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WARSAW, Poland, October 26, 2016 (LifeSiteNews) — After Andrzej Duda of the Law and Justice Party won the presidential election in May 2015 by more than half a million votes against incumbent Bronisław Komorowski from the Civic Platform, there was optimism among pro-life conservatives that the devout Catholic would press for changes in the country’s abortion laws.

The young and largely unknown Duda beat a well-known president favored by the establishment and the mainstream media. Komorowski sympathized with feminist goals and discouraged pro-life initiatives.

However, Duda so far does not seem to be a strong force for moral change. And certainly he is not acting quickly.

On Monday, in an interview with the weekly Wsieci, Duda said he is against punishing women in any form and so it was good that the Sejm, the Polish Parliament's lower house, rejected the recent bill to ban abortions that allowed for punishing women.

“At the same time, I think that [unborn] babies with Down syndrome or other disabilities should definitely be protected”, he said, adding “I have absolutely no doubts about that.”

The president also mentioned that social solutions are needed and that the Minister of Labor and Social Policy is working on related bills. Prime Minister Beata Szydło announced several bills aiming to help families with special needs children and women with crisis pregnancies the day she voted to reject the abortion ban.

The Right to Life Foundation, which spearheaded the abortion ban, drafted a petition “Mr. President, Save the Children,” asking him to initiate a bill protecting the unborn in Poland. About 4,000 people have signed it thus far.

Duda’s inaction is a strong contrast to former U.S. President George W. Bush, who on his first day in office signed a ban on all U.S. funding of international abortion-rights groups. In January 2003, Bush signed the “Sanctity of Life” bill and two months later signed a ban on partial-birth abortion.

As president, Duda has constitutionally-defined power to propose a new law. Additionally, he is a lawyer with a Ph.D from the Administrative Law Department of Jagiellonian University in Krakow and served as undersecretary of state in the Ministry of Justice. Thus, he certainly seems capable of bringing justice for the unborn in Poland.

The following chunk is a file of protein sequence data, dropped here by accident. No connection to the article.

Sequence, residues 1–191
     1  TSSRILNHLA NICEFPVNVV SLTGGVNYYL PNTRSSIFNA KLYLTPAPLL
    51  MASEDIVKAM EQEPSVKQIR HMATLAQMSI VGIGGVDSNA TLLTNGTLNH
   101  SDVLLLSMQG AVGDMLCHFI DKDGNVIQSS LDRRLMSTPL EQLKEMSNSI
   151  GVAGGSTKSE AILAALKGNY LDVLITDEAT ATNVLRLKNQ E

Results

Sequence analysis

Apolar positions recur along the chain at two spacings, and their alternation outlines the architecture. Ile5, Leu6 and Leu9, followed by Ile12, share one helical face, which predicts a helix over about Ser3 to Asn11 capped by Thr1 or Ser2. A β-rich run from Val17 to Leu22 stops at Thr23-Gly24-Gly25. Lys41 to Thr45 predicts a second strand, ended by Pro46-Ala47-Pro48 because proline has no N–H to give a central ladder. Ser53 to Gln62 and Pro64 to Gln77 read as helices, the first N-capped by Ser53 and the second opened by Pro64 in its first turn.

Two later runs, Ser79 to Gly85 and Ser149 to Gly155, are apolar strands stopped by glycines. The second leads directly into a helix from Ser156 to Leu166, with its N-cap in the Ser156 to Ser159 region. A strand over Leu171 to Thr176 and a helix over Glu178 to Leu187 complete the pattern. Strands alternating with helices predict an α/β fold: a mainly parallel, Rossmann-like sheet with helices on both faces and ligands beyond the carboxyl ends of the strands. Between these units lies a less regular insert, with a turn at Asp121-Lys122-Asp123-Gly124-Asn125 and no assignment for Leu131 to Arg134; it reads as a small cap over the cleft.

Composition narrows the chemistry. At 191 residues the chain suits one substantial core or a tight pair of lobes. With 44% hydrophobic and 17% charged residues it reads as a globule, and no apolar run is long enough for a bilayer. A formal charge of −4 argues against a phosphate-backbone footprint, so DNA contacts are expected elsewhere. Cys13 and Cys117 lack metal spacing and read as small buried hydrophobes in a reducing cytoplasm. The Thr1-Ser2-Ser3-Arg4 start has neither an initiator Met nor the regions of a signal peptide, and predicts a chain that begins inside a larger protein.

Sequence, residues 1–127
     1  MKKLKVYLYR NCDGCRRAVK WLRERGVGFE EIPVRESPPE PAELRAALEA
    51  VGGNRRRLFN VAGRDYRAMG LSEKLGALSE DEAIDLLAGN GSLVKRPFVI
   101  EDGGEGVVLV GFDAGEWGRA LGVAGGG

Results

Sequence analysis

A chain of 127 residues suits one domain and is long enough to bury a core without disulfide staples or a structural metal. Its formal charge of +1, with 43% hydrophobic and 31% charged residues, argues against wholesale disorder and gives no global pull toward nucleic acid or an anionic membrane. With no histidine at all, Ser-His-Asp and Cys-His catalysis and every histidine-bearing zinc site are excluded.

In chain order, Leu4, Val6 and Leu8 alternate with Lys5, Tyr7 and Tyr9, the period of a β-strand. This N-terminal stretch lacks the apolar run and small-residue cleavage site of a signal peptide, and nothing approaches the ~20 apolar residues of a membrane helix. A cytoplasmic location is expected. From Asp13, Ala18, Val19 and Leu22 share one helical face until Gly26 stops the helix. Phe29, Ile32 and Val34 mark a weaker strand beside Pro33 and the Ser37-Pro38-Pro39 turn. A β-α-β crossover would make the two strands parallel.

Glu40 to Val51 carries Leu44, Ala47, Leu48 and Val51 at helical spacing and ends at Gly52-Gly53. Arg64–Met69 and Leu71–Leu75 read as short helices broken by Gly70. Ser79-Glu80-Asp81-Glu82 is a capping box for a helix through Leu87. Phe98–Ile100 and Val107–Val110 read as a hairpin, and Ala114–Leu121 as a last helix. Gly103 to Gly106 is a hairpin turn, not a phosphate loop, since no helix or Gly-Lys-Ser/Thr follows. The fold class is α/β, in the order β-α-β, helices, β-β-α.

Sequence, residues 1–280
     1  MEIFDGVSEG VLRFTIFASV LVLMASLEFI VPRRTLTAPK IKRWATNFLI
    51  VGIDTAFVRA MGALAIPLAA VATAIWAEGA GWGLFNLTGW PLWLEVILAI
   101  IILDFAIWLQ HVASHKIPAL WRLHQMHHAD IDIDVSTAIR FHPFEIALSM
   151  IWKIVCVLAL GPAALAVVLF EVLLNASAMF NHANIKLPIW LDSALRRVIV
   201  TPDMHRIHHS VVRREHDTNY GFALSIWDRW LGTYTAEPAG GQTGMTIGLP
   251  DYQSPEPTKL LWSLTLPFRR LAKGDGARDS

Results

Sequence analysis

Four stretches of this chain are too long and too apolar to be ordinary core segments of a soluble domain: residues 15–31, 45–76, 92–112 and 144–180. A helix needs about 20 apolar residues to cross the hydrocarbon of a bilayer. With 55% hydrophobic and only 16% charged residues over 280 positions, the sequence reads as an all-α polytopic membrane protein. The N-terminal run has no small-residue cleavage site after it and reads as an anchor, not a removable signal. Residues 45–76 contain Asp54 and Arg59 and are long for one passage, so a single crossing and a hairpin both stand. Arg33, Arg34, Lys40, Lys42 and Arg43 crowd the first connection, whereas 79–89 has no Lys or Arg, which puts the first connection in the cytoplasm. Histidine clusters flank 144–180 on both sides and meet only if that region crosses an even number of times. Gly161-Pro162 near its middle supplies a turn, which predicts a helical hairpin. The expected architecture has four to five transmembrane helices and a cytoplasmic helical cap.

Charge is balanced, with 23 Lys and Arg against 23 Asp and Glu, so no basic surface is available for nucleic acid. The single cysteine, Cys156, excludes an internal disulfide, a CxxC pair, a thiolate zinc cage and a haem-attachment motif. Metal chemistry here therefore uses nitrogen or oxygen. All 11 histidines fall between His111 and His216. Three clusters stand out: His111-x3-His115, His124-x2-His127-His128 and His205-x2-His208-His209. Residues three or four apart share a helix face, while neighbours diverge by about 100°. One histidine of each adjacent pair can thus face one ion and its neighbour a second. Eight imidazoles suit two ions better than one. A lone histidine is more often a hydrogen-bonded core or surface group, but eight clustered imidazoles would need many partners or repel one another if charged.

Duda knows that Polish abortion laws fail to protect the innocent and vulnerable. Even though abortion is illegal except in certain circumstances, those “circumstances” allow for barbaric acts.

Abortion is legal when a doctor believes that the baby has a severe and irreversible handicap or an incurable and life-threatening disease. In such situations, the procedure is legal until the baby is viable, which means late-term abortions for a 6-month-old unborn baby. When the woman's life or health is endangered, there are no legal limits as to the time when it can be performed. When the pregnancy is a result of a criminal act, abortion is permitted until the 12th week.

Duda’s faith doesn’t appear to be in question. He takes part in many televised religious ceremonies and Masses. During an open air Mass, he was filmed and photographed gently lifting the Host from the ground after it had been carried away by the wind. The acclaimed picture showing the president saving the Host and then bringing Jesus to Archbishop Kazimierz Nycz was considered prophetic.

During a previous interview, the president mentioned a late-term abortion procedure “in the Warsaw hospital where a baby survived an abortion and was left to die.” Back then, he said, “This shows that the law is not perfect. I think everybody understands that this event should never have taken place.”

Six months have passed and he has taken no action. His party, Law and Justice (PiS), won the election on a “good change” platform. And it has been 14 months since the Duda took office. Today, he only offers words, but without full support for protection of the unborn.